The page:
Mulk Raj Anand

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Anand, Mulk Raj


Born Dec. 12, 1905, in Peshawar. Indian writer and scholar. Writes in English. Graduated from the University of London in 1929; received Ph.D. from Punjabi University and became a professor there in 1962.

In 1936, together with Sajjad Zaheer, Anand organized the association of Progressive Indian Writers. He was a journalist during the Spanish Civil War and defended the cause of the Republicans (1937). In his early works, such as The Untouchable (1935) and The Village (1939), Anand described the abject life of the coolies, the untouchables, and the workers on the tea plantations. In novels and stories such as The Personal Life of an Indian Raja (1953), The Road (1961), and The Death of a Hero (1963), Anand denounced the vestiges of the colonial past, advocated the equality of all castes, and defended the rights of women. In his autobiographical dialogues Seven Summers (1951) and The Image of Dawn (1964), he depicted the making of a freedom-fighter. Anand’s works combine his own national tradition with features of the European and the Russian novel (for example, M. Gorky’s work). In his best novels, The Coolie (1936), The Sword and the Sickle (1942), and The Image of Dawn, he evidenced a tendency to socialist realism. He was awarded the International Peace Prize in 1953.


In Russian translation:
Kuli. Moscow, 1941.
Gauri. Moscow, 1964.


Tupikova, Iu. E. Mulk Radzh Anand. Moscow, 1955.
Anand, M. R. Biobibliografich. ukazatel’. Moscow, 1953.
Lindsay, J. Mulk Raj Anand: A Critical Essay. Bombay, 1948.
Contemporary Indian Literature: A Symposium. New Delhi, 1957.


References in periodicals archive ?
Mulk Raj Anand, Marg's founder editor, was a distinguished writer and also had some connections with cinema in the city.
Topics include the cultural and political atmosphere of the India House hostel in Highgate, an ideological influence on Madan Lal Dhingra, the assassin of British colonial official Sir William Curzon Wyllie; the 1939-1949 strikes of nonunionized Indian seamen working British ships, the subtle relationship between elite resistance and imperialism as personified by the figures of Duleep Singh and Abdul Karim, both befriended by Queen Victoria; the involvement of Duleep Singh's daughter Sophia with the British suffragette movement; the relationship between South Asian and Irish nationalists in the interwar period; and the literary resistance of Mulk Raj Anand, among other subjects.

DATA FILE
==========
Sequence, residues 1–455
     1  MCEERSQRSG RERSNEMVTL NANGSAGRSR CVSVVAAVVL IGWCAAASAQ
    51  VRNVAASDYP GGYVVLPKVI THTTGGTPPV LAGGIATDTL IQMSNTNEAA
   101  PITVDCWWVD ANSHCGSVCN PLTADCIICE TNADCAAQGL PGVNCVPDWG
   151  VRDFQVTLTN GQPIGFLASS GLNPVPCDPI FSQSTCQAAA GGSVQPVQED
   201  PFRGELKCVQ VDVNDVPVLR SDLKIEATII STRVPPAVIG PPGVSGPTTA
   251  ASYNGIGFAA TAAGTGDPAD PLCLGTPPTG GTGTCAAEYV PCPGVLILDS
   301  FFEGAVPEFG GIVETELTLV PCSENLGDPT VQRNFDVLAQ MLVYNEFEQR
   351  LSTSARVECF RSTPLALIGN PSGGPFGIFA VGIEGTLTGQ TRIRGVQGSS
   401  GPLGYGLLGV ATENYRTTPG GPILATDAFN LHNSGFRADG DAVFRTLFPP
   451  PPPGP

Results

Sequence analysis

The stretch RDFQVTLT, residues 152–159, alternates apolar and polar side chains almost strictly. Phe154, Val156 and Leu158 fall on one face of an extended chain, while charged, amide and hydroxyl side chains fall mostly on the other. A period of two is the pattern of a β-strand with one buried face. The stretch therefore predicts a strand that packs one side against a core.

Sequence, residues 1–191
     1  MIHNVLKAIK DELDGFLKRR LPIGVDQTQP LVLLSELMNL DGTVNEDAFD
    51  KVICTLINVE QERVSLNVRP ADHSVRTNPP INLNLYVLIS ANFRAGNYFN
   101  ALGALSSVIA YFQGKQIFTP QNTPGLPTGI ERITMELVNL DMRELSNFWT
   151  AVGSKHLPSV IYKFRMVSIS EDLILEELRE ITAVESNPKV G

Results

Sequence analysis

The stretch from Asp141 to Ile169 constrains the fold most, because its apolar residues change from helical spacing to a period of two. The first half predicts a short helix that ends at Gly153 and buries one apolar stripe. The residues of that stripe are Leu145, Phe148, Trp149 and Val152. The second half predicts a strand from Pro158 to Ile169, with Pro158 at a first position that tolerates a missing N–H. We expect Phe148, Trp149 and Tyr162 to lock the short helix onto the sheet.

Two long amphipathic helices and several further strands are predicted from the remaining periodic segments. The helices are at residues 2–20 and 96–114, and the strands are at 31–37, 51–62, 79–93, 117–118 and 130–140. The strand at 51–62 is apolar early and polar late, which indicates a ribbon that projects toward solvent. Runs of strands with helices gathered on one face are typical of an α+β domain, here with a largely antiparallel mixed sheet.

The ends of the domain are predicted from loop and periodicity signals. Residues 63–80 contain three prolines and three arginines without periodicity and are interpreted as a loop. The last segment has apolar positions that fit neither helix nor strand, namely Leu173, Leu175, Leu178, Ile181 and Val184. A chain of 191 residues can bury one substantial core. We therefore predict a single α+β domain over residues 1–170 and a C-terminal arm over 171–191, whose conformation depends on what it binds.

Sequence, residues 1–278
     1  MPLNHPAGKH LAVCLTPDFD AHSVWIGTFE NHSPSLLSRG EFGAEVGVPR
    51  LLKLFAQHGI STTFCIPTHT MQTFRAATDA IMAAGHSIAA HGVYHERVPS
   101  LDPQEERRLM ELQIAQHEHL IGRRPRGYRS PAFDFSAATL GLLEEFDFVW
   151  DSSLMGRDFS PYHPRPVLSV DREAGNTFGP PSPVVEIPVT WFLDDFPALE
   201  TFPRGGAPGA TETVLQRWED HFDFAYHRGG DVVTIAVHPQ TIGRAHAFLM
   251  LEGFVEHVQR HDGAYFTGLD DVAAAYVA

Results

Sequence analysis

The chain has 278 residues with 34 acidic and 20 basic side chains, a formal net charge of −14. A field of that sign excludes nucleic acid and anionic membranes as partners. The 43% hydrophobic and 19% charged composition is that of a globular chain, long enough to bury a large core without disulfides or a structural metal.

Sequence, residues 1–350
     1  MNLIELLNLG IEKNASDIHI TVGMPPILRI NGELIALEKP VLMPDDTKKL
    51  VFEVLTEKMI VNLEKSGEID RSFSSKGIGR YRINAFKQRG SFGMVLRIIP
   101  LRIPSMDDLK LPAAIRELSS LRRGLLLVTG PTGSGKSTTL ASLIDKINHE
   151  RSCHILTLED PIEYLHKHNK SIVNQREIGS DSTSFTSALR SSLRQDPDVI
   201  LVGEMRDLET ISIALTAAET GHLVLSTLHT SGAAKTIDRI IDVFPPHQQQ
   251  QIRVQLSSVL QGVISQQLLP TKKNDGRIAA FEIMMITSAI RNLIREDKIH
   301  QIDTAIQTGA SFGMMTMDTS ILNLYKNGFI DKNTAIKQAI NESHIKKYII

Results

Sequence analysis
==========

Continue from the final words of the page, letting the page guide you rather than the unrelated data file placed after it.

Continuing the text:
He said that all the progressive writers and poets of all the languages of Pakistan and India, Faiz, Mulk Raj Anand, Rajinder Singh Bedi and Gurbakhsh Singh are few names with which attached is the name of Arundhati Roy of our times.
Mulk Raj Anand once told me that if you want to find rarest of rare objects then head to the flea markets," Kothari says.
It may be recalled here that the Indian writers in English of the earlier generation did not have this freedom, and Mulk Raj Anand had to be content with the infelicitous translation of vernacular slang.
As Bluemel defines it, intermodernism permits new readings of traditionally neglected authors like Stevie Smith, Mulk Raj Anand, and Inez Holden; her practice here will prove useful for new readings of other authors from the period.
Mahatma Gandhi was to chide Mulk Raj Anand for his dress and his writing style, which occasionally sprinkled the long sentences of his subjects with improbably intellectual thoughts.
Mulk Raj Anand said, and I quote from the book, "let us have the courage to dream, for in dreams begins responsibility" this notion of name change was not even in his wildest dream.
Through a reading of Untouchable by Mulk Raj Anand, Hubel explicates the problems in both Indian historiography and fiction which subsume untouchable voices in the interest of constructing a unified independence struggle and boosting the claims of its leadership.
Narayan and Mulk Raj Anand, continue to be read by the older generation.
The first in 1980 by Mulk Raj Anand largely focused on the state's Christian legacy; the second, barely three years later and edited by Saryu Doshi, took a more varied look at Goan art and culture represented through its Hindu and Christian traditions) This issue of the magazine takes those themes forward, exploring Goa's past and considering how it has shaped the present, and using that to look to the future.